“I bought that monkey at Vera Cruz,” he said. “Don’t know why, but I kind of liked it, see? There’s monkeys and monkeys, but this little chap’s got a cheerful look about him. We were sailing the So,lutarias in them days. I stuck him up on a shelf in my cabin to bring us luck.”

“Well, hasn’t it—rotten luck?”

' I VHE skipper puffed at his cigar thoughtfully a few moments.

“Sandy, I ain’t denyin’ that you and me’s headin’ straight for the poor-house. I ain’t denyin’ that we look

Tlike being jammed tight in a corner with a dern thin chance to get out of it. We’ve both worked almighty hard, and got mighty little to show for it. L R If anything happens to this ship we’ll never get another, and at our time o’ life owners would laugh if we asked to be put on a reg’lar payroll. ’Cordin’ to schedule we ought to be going home now with a wad and raisin’ chicken for a hobby, though pigs are my partic’lar fancy. Alius wanted to grow pigs. Prize Berkshire pigs. Ever seen ’em, Sandy? They do your eyesight good. I want ’bout a dozen of ’em in a little farm yard. And when it’s blowin’ all hell out at sea I want to walk down into that little farm yard and watch—”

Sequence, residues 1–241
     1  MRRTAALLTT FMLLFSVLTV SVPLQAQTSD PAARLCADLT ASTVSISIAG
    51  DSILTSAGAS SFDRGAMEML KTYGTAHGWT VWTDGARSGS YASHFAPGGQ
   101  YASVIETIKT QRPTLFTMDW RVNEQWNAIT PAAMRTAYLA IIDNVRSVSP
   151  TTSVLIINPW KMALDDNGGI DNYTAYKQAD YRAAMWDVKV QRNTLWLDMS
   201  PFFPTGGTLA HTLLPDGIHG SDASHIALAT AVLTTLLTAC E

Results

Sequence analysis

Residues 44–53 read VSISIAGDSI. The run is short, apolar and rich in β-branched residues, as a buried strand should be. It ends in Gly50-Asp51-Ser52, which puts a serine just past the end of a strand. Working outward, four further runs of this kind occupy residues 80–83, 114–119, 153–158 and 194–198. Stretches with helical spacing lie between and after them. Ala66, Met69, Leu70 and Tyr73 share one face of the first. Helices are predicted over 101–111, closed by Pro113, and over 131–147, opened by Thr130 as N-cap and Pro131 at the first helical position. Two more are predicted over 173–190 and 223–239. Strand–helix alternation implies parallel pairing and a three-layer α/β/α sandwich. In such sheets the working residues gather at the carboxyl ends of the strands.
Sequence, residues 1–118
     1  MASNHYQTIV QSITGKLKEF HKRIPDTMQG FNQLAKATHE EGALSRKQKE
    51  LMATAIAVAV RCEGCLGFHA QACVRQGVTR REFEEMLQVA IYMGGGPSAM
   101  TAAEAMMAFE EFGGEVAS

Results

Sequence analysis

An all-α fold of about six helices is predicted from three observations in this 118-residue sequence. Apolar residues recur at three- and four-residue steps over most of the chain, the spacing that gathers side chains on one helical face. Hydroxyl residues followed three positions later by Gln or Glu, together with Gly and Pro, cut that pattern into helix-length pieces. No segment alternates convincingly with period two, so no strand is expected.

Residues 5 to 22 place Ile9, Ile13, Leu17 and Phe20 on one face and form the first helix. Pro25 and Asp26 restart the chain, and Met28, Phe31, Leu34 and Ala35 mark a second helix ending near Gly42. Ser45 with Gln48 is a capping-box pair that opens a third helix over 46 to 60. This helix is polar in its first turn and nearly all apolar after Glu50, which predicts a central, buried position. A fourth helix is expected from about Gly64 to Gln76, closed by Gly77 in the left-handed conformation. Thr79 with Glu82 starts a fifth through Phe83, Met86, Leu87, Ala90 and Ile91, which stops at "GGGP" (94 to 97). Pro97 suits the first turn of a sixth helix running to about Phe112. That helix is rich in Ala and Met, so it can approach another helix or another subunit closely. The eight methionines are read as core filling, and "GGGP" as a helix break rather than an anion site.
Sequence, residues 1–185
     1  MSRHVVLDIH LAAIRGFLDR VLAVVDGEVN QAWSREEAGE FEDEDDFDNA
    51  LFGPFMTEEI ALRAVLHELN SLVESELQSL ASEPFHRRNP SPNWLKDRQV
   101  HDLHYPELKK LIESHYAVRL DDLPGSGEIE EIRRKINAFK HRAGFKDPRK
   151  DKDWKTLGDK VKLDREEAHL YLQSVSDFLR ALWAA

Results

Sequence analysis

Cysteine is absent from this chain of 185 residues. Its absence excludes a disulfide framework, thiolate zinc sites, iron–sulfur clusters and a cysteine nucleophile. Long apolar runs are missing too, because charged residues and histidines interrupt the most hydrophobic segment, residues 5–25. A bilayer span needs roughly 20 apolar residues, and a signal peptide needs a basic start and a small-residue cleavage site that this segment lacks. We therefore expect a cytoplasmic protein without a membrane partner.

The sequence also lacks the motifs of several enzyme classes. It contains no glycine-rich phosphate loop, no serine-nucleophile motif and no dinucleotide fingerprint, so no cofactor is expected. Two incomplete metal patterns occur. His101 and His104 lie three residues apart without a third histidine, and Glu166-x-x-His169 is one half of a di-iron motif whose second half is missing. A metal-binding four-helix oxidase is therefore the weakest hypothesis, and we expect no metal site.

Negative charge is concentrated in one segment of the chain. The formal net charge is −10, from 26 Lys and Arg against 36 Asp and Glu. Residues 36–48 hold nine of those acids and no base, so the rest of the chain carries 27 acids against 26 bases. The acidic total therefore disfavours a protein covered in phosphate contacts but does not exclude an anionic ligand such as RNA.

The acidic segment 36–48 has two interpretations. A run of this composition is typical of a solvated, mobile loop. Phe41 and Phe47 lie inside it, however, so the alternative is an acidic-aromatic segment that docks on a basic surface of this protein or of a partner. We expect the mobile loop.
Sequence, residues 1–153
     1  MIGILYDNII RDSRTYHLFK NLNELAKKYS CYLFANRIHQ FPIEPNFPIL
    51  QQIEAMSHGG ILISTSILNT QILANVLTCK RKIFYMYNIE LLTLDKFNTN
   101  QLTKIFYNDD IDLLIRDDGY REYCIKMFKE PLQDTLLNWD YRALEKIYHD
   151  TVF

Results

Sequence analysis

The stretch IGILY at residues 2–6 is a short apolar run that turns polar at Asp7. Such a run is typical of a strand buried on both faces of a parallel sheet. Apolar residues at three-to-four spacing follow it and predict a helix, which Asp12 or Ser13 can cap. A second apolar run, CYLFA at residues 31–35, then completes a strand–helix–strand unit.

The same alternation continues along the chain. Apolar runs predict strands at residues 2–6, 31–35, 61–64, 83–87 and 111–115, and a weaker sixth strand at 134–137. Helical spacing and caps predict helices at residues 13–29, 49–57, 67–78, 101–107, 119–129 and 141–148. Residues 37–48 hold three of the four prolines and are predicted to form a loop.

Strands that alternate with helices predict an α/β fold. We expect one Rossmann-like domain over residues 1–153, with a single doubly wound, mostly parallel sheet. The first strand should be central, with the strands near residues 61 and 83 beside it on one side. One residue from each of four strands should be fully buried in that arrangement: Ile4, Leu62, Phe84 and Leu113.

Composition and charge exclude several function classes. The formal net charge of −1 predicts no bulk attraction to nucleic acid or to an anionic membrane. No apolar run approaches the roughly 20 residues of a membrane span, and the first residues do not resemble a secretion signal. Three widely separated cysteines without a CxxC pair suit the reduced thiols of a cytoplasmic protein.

“Dave, it’s monkeys I’m talkin’ aboot: not pigs. Let’s heave the thing over the side, just for luck.”

“After I’ve carried it everywhere?” The skipper lifted one eyebrow in query. “You’ve another guess coming, Sandy. Maybe pigs are going to be off the map for me. Maybe we’ll both go broke and have to work our passages back to Canada peeling potatoes. But that l’le old monk—w’ell, I guess he’ll stay right where he is.” The skipper stuck down a rebellious leaf on the cigar. “Pigs, Sandy, in a farm yard that don’t throw’ you all over the place every time a storm starts blowin’! Ever get the idea?”

“Pigs nothing!” retaliated the engineer, a dreamy look drifting into his pale blue eyes. “If ever I’d had ma way I’d hae settled doon wi’ ma family on an island near Fiji farming silkworms. Mon, there’d be big money in it. If ever I could scrape together—”

“You mean you’d work?" asked the skipper.

“Ain’t pigs going to be work?” retorted Sandy. “Noo, Dave, how aboot throwdn’ that monkey overboard?”

For answer the skipper finished his grog and walked to the bridge; and Sandy, with one last look at the scarlet thing on the shelf, returned to his laboring inferno below.

When, at Iloila, he tackled the job of fixing the engines, he found the trouble more serious than he had anticipated. He and his staff slaved night and day for sixty hours and then had to begin all over again. It was eight days before the halting Matilda was able to put to sea again, and even then Sandy McDonald’s heart wras filled w’ith misgivings.